Allegedly, the first Tizen devices were planned for the second half of 2012. Samsung then clarified that first quarter of 2013 was not a date of actual product launch, but of demonstrations at Mobile World Congress. Tizen services made by Samsung were said to ship in 2013, perhaps in August or September, then replaced to "Later in 2013", and then perhaps in early 2014.
The first week of October 2013, Samsung's NX300M smart camera became the first consumer product based on Tizen; it was sold in South Korea for a month before its OS was revealed at the Tizen Developer Summit, then became available for pre-order in the United States in early 2014 with a release date of March 1. The first Tizen tablet was announced by Systena in June 2013, a 10-inch quad-core ARM with 1920×1200 resolution that was eventually shipped in late October 2013 as part of a development kit exclusive to Japan. The Samsung Gear 2 smartwatch, released in April 2014, and Samsung Gear Fit 2, released in June 2016, use Tizen.
In February 2014, the Samsung Gear 2 and Gear 2 Neo smartwatches were unveiled, and released in April, running Tizen instead of Android as the original Galaxy Gear. On May 31, 2014, Samsung released an update for the original Galaxy Gear, switching the operating system to Tizen.
Samsung announced the Samsung Gear S – a smartwatch that is able to make phone calls and send SMS – on August 28, 2014 On September 15, 2014, it released the Samsung NX1, a high-end camera that also uses Tizen.
On January 14, 2015, the Samsung Z1, a low-cost smartphone using Tizen, was introduced in India and later Bangladesh, and in mid May 2015 Sri Lanka was indicated. Z3 of the same series was released in October.
Samsung announced the Gear S2 on September 1, 2015, its first circular smart watch, also powered by Tizen.
Samsung continues to promote the Tizen OS with new devices. February 21, 2016, it announced the Samsung Connect Auto, a connected car solution offering diagnostic, Wi-Fi and other car-connected services. The device plugs directly into the OBD-II port underneath the steering wheel.
On June 3, 2016 Samsung unveiled the next generation Gear Fit fitness band, the Samsung Gear Fit 2, the sport band provide users with accurate auto-tracking and other fitness features such as pedometer, S Health support as well as heart rate monitor. Along with Gear Fit 2, Samsung also introduced the Gear Icon X a cord-free earbuds that provide a lightweight, and tangle free earbuds, the earbud is said to run the Tizen OS.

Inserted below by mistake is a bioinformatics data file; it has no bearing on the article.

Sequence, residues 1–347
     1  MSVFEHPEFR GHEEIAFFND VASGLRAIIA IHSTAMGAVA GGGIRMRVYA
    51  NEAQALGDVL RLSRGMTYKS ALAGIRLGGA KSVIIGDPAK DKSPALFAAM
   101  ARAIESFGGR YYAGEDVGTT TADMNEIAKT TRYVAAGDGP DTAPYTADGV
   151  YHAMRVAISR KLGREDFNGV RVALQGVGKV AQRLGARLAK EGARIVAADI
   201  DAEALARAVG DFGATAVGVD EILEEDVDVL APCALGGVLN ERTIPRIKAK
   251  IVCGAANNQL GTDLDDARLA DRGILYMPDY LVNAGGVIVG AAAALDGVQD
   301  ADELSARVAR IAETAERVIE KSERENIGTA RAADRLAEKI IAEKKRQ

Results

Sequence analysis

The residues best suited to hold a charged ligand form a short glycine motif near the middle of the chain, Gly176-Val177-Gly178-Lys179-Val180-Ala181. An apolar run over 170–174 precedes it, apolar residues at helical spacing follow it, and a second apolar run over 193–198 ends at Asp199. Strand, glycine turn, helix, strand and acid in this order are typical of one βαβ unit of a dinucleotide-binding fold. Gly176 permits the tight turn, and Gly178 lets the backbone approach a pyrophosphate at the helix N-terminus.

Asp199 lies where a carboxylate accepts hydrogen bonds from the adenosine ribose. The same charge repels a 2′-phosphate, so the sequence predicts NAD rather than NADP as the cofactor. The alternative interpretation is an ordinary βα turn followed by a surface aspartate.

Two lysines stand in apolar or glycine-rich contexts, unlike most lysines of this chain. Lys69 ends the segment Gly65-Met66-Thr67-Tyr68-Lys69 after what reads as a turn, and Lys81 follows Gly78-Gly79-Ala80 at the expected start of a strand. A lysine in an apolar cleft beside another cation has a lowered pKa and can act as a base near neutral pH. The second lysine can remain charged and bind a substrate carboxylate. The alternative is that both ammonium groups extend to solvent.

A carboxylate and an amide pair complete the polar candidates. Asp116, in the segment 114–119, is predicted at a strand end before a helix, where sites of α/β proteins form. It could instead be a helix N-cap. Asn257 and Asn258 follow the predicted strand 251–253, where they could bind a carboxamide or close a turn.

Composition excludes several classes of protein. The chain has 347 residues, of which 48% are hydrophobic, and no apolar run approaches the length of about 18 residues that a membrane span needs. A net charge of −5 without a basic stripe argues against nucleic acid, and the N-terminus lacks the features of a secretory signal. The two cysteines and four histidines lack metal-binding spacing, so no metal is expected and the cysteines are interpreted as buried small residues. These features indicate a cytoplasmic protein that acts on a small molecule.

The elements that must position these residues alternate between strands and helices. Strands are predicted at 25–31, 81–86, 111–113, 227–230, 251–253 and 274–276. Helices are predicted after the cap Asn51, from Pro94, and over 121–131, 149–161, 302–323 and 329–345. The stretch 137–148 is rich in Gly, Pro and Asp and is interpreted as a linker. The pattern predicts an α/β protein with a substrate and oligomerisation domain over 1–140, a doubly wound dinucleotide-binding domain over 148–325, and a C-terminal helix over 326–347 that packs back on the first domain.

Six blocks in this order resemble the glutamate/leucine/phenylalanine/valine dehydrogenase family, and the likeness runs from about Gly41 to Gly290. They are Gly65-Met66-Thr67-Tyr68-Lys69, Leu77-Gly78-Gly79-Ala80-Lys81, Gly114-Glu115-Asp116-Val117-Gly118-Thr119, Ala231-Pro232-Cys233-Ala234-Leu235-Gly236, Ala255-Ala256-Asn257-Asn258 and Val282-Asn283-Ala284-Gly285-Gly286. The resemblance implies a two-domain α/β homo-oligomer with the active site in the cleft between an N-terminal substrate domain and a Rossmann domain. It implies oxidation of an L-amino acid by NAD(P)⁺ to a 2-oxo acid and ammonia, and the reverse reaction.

On August 23, 2016, Samsung unveiled its third smartphone powered by Tizen operating system in India, the Samsung Z2 is an entry level smartphone with 4G support, the device has a 1.5 GHz Quad-core processor, 1GB RAM and 8GB internal memory, it features Ultra Data Saving mode, S bike mode and with the new My Money Transfer app.
On May 15, 2017 Samsung unveiled its fourth smartphone powered by Tizen operating system in India, the Samsung Z4 which launched in India that comes with 4.5 inch of LCD displays which is protected by 2.5D curved glass, it has 1GB of RAM, 1.5Ghz Quad-Core Arm cortexA-7 based Spreadtrum processor (SC9830A), 8GB of ROM, 5 MP rear camera with dual flash and 5MP front camera with flash. It has Operating system of Tizen which is Tizen 3.0.
Samsung Z4 is the bigger versions of Samsung Z2 but in hardware specification both have same.
On April 3, 2017, Vice reported on its "Motherboard" website that Amihai Neiderman, an Israeli security expert, has found more than 40 zero-day vulnerabilities in Tizen's code, allowing hackers to remotely access a wide variety of current Samsung products running Tizen, such as Smart TVs and mobile phones. Only after the article was published did Samsung, who Neiderman tried to contact months before, reach out to him to follow up on the report.